In practice, all types of paper sizing agents are usually in the form of stable dispersions and they cause sizing by depositing rosin-based or other materials on to the fibre stock or the paper web, so that sizing essentially involves breaking the stable dispersion. This can occur on contact between the dispersion and the stock or web, where the latter is effective to destroy the stability of the dispersion. Usually, however, adequate sizing does not arise from mere contact of the paper sizing agent with the paper stock or web. Instead, it requires the presence of a co-reactant to break the dispersion and so cause the desired deposition of sizing components on the fibres of the paper stock or web. The most commonly employed co-reactants are aluminium compounds and, especially, aluminium sulphate, papermaker's alum and the polyaluminium chlorides.
The majority of paper-making processes involve the separate addition or application of the rosin-based size and a co-reactant to the paper stock or the paper web. There have been proposals, notably those in U.K. Patent Applications 2050453A and 2159183A and U.S. Pat. No. 4,522,686, to prepare sizing compositions comprising both a rosin component and a suitable reactant, which compositions offer the advantage of sizing using a single composition, but these have not been entirely successful, either because the dispersions are unstable or because their effectiveness as a size has been reduced. For whatever reason, the majority of paper mills utilise a sizing process which involves the use of two separate components, despite the inherent difficulties involved.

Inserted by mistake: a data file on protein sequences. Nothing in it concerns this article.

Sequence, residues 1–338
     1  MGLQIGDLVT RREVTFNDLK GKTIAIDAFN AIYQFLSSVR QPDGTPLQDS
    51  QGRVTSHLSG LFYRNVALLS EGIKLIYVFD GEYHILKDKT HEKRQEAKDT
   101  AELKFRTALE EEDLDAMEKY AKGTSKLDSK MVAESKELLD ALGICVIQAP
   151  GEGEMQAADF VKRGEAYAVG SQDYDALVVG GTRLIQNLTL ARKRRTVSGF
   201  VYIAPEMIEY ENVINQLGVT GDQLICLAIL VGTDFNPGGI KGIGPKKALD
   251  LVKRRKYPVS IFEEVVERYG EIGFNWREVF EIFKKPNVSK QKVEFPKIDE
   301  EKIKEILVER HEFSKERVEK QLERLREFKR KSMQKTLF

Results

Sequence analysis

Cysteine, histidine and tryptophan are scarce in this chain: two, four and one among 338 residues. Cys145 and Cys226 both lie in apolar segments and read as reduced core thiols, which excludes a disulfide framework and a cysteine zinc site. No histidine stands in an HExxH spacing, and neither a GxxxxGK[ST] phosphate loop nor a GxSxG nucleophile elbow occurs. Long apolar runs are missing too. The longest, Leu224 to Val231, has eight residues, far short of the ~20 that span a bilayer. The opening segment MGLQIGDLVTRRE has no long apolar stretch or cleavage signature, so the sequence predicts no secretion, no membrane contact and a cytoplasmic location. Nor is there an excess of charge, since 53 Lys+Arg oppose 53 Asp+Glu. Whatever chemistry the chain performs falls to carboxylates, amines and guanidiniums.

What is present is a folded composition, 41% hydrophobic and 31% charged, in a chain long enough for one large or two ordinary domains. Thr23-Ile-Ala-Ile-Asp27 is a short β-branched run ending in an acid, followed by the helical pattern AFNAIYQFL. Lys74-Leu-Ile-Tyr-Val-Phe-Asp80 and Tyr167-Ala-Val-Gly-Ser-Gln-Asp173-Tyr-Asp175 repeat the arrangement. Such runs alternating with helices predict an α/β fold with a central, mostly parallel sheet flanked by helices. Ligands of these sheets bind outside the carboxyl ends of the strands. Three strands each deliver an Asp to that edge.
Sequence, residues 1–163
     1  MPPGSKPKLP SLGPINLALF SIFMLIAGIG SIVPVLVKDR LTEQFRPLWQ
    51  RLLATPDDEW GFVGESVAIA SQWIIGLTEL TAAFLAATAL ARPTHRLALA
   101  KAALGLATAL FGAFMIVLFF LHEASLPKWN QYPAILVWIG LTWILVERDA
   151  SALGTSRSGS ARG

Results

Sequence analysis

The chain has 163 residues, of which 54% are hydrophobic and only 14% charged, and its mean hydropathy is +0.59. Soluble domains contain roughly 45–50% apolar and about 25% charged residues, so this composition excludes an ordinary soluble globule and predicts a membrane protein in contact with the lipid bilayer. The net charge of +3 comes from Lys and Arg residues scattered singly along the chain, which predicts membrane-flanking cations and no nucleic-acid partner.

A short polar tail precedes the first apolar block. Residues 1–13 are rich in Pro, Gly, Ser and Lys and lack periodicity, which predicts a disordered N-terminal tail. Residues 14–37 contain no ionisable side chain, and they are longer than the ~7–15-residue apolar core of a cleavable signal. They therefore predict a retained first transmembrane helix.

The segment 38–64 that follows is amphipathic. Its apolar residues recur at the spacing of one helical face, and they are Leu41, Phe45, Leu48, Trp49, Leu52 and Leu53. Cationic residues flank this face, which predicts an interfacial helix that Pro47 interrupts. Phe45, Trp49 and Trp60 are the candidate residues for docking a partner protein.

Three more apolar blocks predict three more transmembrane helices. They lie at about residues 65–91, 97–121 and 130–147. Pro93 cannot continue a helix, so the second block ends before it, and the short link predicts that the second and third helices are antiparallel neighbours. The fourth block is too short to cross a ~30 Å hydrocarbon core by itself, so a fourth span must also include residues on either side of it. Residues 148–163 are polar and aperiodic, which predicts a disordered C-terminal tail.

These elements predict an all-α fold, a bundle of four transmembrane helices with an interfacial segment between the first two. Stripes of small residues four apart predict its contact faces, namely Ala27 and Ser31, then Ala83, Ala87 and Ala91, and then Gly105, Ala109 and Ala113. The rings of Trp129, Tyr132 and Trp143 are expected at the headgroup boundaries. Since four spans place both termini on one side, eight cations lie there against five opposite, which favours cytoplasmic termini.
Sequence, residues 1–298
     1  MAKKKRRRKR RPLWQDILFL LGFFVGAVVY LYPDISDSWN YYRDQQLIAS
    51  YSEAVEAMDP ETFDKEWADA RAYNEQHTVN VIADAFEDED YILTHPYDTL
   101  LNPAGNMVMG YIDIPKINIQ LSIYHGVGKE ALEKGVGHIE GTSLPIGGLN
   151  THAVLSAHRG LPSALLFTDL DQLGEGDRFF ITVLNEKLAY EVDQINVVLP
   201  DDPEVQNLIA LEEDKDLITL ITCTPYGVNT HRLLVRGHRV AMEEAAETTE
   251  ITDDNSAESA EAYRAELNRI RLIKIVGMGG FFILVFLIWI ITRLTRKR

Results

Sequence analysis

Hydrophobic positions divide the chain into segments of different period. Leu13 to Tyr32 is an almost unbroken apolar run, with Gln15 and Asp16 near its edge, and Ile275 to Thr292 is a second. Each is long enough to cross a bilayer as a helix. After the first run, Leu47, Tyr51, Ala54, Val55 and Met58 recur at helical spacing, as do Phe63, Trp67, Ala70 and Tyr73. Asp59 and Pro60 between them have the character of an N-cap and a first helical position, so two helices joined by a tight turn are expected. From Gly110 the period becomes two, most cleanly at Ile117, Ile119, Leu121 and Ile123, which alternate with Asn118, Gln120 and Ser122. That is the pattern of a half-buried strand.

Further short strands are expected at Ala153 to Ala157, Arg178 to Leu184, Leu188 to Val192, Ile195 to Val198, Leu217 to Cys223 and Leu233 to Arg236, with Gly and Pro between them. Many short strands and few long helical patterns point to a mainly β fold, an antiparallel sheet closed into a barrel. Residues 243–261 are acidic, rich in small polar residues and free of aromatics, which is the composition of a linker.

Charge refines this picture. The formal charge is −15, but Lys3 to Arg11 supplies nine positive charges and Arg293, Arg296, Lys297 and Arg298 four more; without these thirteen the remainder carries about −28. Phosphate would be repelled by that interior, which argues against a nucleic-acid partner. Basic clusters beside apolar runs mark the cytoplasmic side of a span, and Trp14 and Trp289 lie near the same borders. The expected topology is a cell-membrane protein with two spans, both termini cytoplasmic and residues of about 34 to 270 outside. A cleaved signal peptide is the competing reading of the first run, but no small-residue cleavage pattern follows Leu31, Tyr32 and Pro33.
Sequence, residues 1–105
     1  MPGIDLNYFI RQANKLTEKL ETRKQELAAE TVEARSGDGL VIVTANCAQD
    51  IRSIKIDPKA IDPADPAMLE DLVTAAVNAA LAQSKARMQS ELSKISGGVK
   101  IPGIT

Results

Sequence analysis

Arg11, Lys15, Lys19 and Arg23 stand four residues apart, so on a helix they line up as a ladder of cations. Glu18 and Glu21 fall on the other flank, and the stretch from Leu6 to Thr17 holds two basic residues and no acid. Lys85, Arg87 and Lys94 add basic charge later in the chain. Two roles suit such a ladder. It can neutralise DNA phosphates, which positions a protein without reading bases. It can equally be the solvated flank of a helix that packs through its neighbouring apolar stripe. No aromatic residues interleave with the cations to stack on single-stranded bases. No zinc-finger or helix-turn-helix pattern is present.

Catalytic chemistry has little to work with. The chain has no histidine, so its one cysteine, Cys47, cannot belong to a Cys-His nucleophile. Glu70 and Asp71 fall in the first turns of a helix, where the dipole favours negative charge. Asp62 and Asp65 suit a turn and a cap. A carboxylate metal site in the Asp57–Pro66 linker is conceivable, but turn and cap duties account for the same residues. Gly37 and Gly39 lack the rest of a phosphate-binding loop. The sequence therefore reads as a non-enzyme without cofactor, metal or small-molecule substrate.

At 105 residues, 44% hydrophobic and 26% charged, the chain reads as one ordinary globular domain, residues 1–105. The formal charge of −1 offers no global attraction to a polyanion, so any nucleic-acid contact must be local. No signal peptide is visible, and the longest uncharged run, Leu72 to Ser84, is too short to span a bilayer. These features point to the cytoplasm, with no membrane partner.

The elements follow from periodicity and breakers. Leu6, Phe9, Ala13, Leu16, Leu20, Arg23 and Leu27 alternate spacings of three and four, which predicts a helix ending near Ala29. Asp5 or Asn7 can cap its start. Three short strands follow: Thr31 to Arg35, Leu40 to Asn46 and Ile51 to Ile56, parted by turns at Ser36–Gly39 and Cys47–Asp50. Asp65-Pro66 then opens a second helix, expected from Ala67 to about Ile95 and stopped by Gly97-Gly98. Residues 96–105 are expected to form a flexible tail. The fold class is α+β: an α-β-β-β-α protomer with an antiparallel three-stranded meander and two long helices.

It has been discovered that dispersions, comprising a rosin component and a co-reactant, which are stable and which impart excellent sizing properties to paper, can be prepared by the incorporation into a suitable composition of an amine or an amine salt of a rosin acid.
According to one aspect of the present invention, therefore, a paper sizing composition is provided which comprises an aqueous dispersion containing a rosin size component, a co-reactant and an amine or an amine salt of a rosin acid.